In July's Cinefile Rosslyn Hyams speaks to leading French actor Denis Lavant, and a Philippines film director, the prolific and multi-talented Lav Diaz. Click on the arrow on the photo above to listen to the interviews. Or subscribe to Cinefile. The Mountain Also known as a psychosurgical odyssey, The Mountain was released in the US in July on the heels of it's French première at the Champs-Elysées Film Festival. The Mountain has a serious track record, featuring in the Venice Film Festival 2018 followed by Sundance in 2019. US director Rick Alverson's 5th feature is on the surface about the practice of lobotomy, invented by a real-life doctor called Walter Freeman in America in the 1950s. Jeff Goldblum and Tye Sheridan play respectively lobotomiser Dr Wallace Fiennes and his would-be lobotimised photo assistant, Andy. Of course, that's the top layer. Its slow pace, lacklustre palette and trunkated, creepy dialogue, potentially lull the viewer into a mindless state. However, if you seek, you may find issues about today's America, or about many parts of the world today. Alverson puts a lot of thought into this film. The Mountain is a mind-game, where the mostly eery calm of the cajoling or passive characters is blown apart by French actor Denis Lavant. He plays French single-father Jack, who wants lobotomy-mad Dr Fiennes to operate on his teenage daughter, the object of Andy's first love. Lavant is known for his energy and seemingly unbridled action on stage, as well as on screen. His ability to slip into the skin of arresting characters out of a Tolkien novel or a Shakespeare play or from a French equivalent of East Enders, makes him any director’s dream, but he selects carefully. "Jack is already a bit schizo to begin with. I don’t need to analyse this character to be able to play him. I just have to act the character if you like. Rick Alverson is great and really knows how to direct actors. He suggests plenty of imaginative ideas." Listen to Cinefile podcast to hear more about Denis Lavant's take on The Mountain. Ang Hupa -The Halt The four-hour-40 minute long film is largely dark and once again deals with Lav Diaz' main concerns, the politics and sociology of his country, the Philippines. Set in 2034, when the volcanic action has put out the light, a raving, deluded dictator (Joel Lamangan) is manipulated puppet-style by two women security chiefs (Hazel Orencio and Mara Lopez). Their ambition and love of power drives the plot while their passions are inflamed by a love-triangle involving a teacher with a quest and a part-time escort job (Shaina Magdayao). The man to follow is the enigmatic Hook Torollo played by Piolo Pascual. He realises that he will achieve greater fulfillment from helping street children than firing rocket-propelled grenades or the like. Philippines director, writer, producer, composer, editor Lav Diaz could of course say much the same in a shorter time, but he maintains that this would zap his propos. Not just a whim, and far from detracting from the story-telling, the slow pace adds fluidity to Anga Hupa -The Halt, allowing the film to sink in. "I want to work more on spaces, so you can actually touch the thing, a corporal experience with the medium. The so-called audience must also be engaged, not just entertained... rather than being subordinated to the action of Tom Cruise. I want you to see the ants and the birds and the wind." Première at Cannes Lav Diaz', Ang Hupa or The Halt in English premièred at the Cannes Director's Fortnight in May 2019, it also screened at Poland's New Horizons and the Jerusalem Film Festival. Listen to the Cinefile podcast or by clicking on the arrow on the photo above to hear Lav Diaz talking about the dictatorship, street children, homosexuality on film, and why there are a few glimmers of light in his literally dark films.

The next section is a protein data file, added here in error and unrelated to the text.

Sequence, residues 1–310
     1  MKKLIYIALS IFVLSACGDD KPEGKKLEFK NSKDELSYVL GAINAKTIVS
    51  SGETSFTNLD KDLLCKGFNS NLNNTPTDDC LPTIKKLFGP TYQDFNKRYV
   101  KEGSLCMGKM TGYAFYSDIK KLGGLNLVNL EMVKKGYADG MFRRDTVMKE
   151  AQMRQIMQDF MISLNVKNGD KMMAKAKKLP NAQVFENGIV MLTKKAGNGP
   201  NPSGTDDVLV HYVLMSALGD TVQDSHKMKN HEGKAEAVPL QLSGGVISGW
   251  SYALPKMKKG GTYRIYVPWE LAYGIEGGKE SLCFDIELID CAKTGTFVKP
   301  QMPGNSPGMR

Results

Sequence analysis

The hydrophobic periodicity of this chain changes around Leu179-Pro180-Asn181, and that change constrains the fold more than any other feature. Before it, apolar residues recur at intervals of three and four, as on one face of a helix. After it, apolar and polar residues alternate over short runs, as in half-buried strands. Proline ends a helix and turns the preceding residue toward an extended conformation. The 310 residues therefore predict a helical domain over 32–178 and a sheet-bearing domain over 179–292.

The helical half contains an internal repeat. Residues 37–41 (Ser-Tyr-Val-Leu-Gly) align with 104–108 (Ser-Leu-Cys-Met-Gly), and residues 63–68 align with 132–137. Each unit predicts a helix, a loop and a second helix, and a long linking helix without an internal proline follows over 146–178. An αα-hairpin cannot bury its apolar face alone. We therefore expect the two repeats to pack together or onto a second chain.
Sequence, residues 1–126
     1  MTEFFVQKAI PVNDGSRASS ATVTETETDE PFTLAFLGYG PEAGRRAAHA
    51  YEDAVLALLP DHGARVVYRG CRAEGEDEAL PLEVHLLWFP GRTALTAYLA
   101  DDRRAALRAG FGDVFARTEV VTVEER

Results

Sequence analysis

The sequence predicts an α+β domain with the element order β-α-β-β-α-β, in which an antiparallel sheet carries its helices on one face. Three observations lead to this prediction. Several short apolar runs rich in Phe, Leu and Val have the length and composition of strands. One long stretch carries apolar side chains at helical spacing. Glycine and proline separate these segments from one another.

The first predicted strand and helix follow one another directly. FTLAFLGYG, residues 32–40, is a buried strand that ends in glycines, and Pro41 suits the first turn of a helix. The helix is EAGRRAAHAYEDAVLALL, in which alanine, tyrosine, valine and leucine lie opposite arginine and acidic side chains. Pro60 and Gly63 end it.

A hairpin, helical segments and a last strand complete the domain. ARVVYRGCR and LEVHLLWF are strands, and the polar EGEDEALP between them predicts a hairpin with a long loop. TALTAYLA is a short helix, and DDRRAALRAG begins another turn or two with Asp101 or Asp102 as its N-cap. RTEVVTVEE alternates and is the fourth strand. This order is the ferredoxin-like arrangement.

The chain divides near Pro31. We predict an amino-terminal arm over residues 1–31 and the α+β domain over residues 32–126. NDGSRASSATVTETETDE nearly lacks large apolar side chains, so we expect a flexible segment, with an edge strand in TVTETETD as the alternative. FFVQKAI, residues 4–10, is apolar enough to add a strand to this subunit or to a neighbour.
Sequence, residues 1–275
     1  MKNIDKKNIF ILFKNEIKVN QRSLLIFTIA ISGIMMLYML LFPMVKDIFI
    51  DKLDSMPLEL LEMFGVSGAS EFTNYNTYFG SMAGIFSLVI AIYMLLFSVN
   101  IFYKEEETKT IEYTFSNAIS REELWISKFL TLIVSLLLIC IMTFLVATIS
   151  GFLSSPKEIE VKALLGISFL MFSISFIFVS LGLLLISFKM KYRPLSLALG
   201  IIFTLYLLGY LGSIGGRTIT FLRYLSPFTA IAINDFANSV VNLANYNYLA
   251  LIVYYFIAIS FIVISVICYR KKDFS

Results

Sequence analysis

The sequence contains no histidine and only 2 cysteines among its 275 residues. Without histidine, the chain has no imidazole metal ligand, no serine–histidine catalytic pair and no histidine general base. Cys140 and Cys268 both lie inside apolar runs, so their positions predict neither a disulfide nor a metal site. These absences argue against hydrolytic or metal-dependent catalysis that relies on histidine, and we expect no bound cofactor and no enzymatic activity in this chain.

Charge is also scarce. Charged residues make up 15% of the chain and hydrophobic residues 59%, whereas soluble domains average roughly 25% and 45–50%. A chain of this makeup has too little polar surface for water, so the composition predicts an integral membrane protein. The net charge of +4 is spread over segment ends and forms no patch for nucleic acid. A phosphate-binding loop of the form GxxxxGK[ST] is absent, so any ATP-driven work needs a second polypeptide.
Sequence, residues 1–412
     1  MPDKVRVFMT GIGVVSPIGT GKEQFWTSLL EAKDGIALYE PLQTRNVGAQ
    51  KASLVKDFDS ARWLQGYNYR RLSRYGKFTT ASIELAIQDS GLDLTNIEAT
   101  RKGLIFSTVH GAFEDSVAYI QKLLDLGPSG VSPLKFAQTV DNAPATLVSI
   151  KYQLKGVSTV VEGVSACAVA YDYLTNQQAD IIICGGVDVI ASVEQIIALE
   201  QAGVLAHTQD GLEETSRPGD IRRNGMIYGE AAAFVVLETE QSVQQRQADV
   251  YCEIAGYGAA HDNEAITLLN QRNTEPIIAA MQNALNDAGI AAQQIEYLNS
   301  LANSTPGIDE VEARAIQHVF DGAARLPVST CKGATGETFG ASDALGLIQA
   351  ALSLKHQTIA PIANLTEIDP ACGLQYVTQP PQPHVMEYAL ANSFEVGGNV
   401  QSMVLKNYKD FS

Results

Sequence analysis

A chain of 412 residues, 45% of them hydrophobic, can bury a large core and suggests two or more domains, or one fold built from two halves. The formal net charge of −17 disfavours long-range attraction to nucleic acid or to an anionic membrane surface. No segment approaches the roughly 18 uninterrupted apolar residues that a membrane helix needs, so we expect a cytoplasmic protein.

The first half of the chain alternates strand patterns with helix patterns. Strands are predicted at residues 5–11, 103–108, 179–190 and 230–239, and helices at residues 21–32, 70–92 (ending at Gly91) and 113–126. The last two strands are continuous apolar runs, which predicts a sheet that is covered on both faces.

• All about Yves, My Polish Honeymoon and Zombi Child
    In this month's Cinefile podcast, RFi's Rosslyn Hyams speaks to film makers Bertrand Bonello and Benoit Forgeard and actress Judith Chemla about their latest films released in June in France. Click on the photo above. Quick-fix reviews below. Zombi Child by Betrand Bonello Essentially a teen movie around a Franco-Haitian story, told as a zombie story, based on the possible zombie case of real-life Clairvius Narcisse. From an educational point of view it has a lot to offer. It carries a pre school-holiday warning about summer love, and slips in valuable, not chicken, nuggets of Napoleonic French history. However, interesting as it is to discover little talked-about French elite institutions, and popular as zombie films are at present, Bonello's film misses the mark and Zombi Child lacks the suspense and boldness of his previous youth hit, Nocturama (2016). All about Yves by Benoît Forgeard Can a fridge fall in love? Become a new-age matchmaker? Could a fridge take over our lives? Yves is a smart looking and sounding fridge-freezer programmed to improve eating habits. The machine is imposed on a sausage-consuming rapper who has moved into his granny's home to write a star-quality composition. A gimmicky rom-com à la française, like chocolate and hazelnut paste spread over a hot contemporary topic. Love it or hate it. It's entertaining. My Polish Honeymoon by Elise Otzenberger A young Jewish mother reluctantly leaves their baby in Paris with grandparents to spend a few romantic few days in Poland with her child's father. Poland, not Venice because Anna's husband has been invited to attend a commemorative ceremony in his grandfather's home village, in Poland. Anna leaps at the chance like Bambi. Otzenberger mixes comedy and gravity, fact and fiction, to vehicle a personal story, tied to the historical tragedy and horror of the World War Two attempt at genocide in Europe. Should the search for roots become so important when it means uncovering dead-ends, disappointments and a scarred present?